Drinking Alone: the Predictor to Something Worse

Recent research has found that teens who drink alone are at a higher risk for adverse effects compared to those who drink socially. This research found those teens who drink alone tend to drink higher quantities of alcohol. It seems as though alcohol becomes a negative coping mechanism for these teens. Comparatively, teens who only drink in a social setting tend to have the reasoning of socializing versus coping.

Teens who are drinking as a coping mechanism are in a vulnerable state and will often drink more to cope with these feelings, feelings such as rejection, being lonely, anxiety, or depression. Being in a vulnerable state leads to a decrease in cognitive functioning and ultimately can lead to the increase in drinking.

The study done by  Pittsburgh Adolescent Alcohol Research Center found that students who reported drinking alone between the ages of 12-18 were more likely to be dependent on alcohol when resurveyed at the age of 25. This is indicative that early solitary drinking is a huge link to alcohol dependency.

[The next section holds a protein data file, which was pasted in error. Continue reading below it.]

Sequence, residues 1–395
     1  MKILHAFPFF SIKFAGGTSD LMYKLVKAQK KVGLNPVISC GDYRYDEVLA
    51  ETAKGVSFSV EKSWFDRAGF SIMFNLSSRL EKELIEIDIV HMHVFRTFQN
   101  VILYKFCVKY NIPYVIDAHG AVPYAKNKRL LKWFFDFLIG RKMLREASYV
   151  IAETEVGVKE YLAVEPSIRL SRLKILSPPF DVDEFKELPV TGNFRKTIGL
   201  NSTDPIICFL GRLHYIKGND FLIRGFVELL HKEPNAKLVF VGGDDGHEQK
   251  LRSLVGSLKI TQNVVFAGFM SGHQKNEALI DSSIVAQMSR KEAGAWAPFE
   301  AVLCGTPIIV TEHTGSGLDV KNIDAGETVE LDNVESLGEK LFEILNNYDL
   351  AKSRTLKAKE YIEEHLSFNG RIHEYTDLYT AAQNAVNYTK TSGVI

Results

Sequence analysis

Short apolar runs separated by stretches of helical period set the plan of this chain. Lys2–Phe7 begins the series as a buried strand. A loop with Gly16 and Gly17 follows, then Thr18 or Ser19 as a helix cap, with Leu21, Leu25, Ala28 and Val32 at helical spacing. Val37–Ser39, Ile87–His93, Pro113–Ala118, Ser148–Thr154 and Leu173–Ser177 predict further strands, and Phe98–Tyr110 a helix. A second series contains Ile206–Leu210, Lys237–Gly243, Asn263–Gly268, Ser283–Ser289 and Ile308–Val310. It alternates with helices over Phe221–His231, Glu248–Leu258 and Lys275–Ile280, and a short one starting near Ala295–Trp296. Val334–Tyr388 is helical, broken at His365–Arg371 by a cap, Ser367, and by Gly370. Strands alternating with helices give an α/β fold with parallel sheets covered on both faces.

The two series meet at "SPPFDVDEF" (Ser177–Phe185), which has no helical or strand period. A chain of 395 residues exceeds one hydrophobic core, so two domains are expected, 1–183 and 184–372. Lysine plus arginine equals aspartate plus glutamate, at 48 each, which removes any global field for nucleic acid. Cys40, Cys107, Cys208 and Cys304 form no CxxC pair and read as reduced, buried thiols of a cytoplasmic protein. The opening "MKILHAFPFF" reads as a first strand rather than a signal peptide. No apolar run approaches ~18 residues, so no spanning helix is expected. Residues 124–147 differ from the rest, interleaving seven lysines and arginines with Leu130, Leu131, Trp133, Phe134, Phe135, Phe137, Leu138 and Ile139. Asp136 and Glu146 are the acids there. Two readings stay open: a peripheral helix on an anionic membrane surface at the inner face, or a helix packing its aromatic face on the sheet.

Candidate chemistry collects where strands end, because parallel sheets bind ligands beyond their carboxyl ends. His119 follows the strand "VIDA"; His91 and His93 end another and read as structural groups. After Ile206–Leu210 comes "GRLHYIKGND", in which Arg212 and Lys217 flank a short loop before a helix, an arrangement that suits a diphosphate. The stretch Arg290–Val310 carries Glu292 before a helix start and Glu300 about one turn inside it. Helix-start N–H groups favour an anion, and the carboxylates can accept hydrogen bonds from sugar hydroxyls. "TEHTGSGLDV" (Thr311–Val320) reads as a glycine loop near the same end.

So, what does this show? Given that the solitary drinking tends to come through as a maladaptive coping skill, it shows that there are most likely co-occurring disorders. By opening up conversation and destigmatizing mental health, it would likely help to decrease this solitary drinking, ultimately decreasing dependence.

Having an open line of communication can help create positive coping skills. Further, by opening the line of communication, it helps teens feel less lonely, as they will have other people to turn to in a time of need. Encouraging positive coping skills such as reading, writing, drawing, talk therapy, and exercise can significantly help the mental health of a teen.

Ultimately, drinking alone from an early age is linked to a dependence on alcohol late in life. Whether this link is due to earlier onset of drinking, higher frequency of drinking, or utilizing alcohol as a coping skill is relatively unknown but providing teens with a way to communicate their underlying reasoning for drinking can reduce the negative effects this drug has on the young brain, by decreasing the amount that a teen drinks.